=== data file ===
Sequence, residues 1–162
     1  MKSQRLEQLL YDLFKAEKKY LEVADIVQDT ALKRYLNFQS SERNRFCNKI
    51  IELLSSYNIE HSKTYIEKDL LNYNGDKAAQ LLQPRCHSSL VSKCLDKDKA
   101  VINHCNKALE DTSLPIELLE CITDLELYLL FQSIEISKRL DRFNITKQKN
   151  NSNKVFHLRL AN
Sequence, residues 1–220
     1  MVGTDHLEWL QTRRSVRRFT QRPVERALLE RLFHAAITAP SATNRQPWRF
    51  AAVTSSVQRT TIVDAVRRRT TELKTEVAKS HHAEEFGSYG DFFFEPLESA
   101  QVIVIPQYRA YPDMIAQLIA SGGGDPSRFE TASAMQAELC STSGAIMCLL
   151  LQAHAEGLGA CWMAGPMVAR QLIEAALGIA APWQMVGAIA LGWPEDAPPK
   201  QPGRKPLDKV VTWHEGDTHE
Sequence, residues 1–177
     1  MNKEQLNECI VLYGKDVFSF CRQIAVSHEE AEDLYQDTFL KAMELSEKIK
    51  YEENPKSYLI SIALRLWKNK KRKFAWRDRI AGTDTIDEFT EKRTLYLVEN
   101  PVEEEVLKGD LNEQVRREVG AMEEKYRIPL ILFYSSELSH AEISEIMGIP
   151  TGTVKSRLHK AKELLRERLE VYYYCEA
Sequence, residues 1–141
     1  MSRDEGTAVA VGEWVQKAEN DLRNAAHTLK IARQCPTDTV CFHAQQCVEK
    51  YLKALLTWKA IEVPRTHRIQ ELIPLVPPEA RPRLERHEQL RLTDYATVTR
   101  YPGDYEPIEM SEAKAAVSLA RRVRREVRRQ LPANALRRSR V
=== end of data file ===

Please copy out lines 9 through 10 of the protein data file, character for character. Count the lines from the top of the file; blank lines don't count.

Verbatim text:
   101  QVIVIPQYRA YPDMIAQLIA SGGGDPSRFE TASAMQAELC STSGAIMCLL
   151  LQAHAEGLGA CWMAGPMVAR QLIEAALGIA APWQMVGAIA LGWPEDAPPK